Artist Bio - Julienne Saslaw

Artist Bio - Julienne Saslaw

Born and raised in New York City, Julienne Freincle Saslaw began studying art in high school as well as taking classes at the Museum of Modern Art in Manhattan.

Having won an art scholarship and BA degree in college, she continued her studies with illustrious teachers of the time at the Art Students League, School of Visual Arts, and the Brooklyn Museum Art School. She also earned a Masters Degree in Art Education from Teachers College, Columbia University.

Although she originally taught art in high schools, she also taught graduate level classes in the nature of creativity in the education department of Hofstra University.

After early retirement, she went back to college to explore contemporary painting and sculpture and get back to self discovery and to develop more personal means of expression.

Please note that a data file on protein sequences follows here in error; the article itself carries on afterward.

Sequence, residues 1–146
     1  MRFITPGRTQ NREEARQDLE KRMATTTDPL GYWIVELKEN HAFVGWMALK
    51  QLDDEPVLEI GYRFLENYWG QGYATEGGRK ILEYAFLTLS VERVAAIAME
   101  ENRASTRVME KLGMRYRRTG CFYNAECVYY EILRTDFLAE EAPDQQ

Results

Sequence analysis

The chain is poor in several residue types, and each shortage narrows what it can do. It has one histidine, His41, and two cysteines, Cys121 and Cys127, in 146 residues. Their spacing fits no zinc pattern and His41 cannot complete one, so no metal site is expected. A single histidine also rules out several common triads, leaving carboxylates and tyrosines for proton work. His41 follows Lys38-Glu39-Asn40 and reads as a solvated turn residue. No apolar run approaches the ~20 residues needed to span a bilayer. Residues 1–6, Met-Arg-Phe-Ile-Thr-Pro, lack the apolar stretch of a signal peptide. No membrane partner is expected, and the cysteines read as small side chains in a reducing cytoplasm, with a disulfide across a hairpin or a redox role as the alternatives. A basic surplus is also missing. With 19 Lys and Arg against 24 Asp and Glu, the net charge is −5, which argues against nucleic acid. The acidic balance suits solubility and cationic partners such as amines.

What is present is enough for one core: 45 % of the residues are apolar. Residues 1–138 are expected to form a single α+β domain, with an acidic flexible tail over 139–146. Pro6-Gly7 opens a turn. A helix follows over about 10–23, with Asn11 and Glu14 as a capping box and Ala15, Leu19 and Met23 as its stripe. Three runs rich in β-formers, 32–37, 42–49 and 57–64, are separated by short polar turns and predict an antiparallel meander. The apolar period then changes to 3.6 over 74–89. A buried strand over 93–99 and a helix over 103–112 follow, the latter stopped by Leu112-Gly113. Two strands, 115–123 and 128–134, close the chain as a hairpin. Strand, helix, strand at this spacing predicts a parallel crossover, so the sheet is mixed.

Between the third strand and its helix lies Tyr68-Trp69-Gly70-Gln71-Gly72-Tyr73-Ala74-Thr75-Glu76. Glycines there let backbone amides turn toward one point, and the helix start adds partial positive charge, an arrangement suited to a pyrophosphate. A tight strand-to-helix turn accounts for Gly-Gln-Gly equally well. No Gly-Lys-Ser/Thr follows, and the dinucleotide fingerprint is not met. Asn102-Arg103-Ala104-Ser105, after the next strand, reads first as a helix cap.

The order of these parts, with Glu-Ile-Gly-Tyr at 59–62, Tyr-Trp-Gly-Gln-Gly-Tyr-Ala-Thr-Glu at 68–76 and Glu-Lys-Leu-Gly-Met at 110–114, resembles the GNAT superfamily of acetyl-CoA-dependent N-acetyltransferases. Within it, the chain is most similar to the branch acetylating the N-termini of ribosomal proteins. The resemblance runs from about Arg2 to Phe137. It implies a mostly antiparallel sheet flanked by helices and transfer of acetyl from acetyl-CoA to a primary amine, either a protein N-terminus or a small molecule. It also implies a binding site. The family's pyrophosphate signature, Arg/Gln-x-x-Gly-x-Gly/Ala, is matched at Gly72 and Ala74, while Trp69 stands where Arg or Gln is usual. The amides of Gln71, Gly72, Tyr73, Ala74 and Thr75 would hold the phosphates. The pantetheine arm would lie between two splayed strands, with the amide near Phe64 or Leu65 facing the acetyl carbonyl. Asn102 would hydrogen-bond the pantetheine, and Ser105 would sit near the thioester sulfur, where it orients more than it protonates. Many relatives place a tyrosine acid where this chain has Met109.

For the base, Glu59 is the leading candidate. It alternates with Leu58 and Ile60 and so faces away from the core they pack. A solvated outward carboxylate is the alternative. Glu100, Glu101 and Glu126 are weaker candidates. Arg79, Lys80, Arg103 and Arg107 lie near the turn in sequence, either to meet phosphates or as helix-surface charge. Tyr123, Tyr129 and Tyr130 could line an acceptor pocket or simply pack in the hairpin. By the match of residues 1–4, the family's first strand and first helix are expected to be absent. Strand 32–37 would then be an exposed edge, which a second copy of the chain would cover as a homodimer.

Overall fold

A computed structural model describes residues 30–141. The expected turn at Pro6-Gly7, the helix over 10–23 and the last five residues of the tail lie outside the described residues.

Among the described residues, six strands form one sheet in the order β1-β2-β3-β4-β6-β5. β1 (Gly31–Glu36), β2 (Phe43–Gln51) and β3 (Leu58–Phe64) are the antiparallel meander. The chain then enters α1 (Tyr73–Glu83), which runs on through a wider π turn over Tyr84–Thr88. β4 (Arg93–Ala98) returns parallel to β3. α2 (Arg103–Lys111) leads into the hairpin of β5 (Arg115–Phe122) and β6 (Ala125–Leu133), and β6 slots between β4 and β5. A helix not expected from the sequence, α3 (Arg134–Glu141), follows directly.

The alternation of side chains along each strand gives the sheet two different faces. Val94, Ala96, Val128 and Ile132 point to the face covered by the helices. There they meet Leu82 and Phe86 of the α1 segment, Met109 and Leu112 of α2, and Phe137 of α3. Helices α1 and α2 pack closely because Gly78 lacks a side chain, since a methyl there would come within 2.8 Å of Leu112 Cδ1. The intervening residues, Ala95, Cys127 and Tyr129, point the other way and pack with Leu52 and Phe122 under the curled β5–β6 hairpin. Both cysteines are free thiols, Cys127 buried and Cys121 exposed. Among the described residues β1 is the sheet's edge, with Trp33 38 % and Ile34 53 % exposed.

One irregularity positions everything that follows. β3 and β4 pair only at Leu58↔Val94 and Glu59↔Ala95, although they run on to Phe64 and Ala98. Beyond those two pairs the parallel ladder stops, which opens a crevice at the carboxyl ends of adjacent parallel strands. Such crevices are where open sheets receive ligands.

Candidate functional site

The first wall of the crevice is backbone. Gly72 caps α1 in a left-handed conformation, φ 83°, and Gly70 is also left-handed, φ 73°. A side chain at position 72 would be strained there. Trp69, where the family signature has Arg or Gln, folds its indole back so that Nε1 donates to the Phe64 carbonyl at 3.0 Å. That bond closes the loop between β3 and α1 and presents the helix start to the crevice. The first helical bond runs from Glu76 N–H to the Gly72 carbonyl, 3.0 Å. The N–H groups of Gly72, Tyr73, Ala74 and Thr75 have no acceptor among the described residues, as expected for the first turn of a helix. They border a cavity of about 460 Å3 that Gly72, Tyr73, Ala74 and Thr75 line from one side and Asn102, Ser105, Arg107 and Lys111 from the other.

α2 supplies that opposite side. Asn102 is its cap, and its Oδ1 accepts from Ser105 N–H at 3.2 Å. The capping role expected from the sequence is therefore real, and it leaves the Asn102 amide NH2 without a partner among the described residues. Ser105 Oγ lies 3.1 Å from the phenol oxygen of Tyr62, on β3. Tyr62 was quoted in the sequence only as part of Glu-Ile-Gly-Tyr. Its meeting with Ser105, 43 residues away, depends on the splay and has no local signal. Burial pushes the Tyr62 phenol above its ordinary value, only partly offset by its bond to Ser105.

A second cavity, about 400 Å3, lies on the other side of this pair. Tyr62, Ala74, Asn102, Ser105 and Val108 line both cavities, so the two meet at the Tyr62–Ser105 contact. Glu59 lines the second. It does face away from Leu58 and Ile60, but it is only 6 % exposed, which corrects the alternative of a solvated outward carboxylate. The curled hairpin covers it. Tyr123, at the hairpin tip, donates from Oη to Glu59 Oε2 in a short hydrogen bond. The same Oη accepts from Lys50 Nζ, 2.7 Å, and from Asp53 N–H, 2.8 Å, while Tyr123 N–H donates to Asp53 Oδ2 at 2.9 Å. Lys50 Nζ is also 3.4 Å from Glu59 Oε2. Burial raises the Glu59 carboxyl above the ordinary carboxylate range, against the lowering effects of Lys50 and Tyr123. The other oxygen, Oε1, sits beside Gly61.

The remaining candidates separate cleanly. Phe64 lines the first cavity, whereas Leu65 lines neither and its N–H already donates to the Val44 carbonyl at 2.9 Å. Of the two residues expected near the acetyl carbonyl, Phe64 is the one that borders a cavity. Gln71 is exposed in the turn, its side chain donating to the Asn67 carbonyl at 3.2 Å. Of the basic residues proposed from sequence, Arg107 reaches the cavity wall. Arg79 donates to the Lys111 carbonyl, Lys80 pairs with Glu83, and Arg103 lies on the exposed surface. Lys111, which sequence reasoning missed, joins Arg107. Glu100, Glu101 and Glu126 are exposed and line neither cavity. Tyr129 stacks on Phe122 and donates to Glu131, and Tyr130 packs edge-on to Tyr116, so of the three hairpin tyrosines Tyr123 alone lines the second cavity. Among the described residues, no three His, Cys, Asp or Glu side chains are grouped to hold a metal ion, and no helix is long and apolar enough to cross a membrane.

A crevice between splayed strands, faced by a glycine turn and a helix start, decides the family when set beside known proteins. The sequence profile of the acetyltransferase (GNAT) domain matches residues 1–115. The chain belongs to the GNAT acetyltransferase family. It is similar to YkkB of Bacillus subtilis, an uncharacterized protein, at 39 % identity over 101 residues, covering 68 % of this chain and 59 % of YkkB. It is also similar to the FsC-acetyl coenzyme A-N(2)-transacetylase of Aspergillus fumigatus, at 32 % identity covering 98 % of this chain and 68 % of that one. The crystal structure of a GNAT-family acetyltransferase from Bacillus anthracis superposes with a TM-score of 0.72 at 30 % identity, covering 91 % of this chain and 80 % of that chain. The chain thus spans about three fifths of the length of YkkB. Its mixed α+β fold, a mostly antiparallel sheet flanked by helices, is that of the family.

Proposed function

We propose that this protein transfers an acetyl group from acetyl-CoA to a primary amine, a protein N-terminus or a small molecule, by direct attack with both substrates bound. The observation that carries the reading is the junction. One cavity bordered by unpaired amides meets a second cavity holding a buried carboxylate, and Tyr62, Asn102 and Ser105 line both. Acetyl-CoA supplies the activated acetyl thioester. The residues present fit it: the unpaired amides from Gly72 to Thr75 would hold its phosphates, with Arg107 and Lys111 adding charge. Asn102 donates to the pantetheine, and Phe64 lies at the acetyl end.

She has continued that exploration on her own, concentrating on conveying her emotional reactions to natural phenomena.

After moving to Rhode Island with her husband eight years ago, she joined various art organizations and at present is a member of Imago Gallery as well as the Newport Museum, and the Art League of Rhode Island.

Her studio is in a loft in the arts section of Providence, There she works in watercolors, acrylics, oils, photography, and encaustics on wood shapes that she prepares herself.

* Notes on Encaustic Painting *

Encaustic Painting comes from the Greek, “enkaustikos,” which means “to heat” or “to burn.”

About 2000 years ago, the Greeks were using wax to seal their boats and mixed with colored powder, to decorate them. It was used on marble statues, on pottery, on flat paintings, and as a portrait on mummies. Those paintings look as though they were just painted.

The wax is kept just hot enough to melt but not burn. Layers of wax are fused together.

Encaustic Paintings should last at least 1000 years (unless left in a hot car in summer or over 130 degrees).
Today, Encaustic wax is often used with other mediums such as oil paints, collage, and as sculpture itself.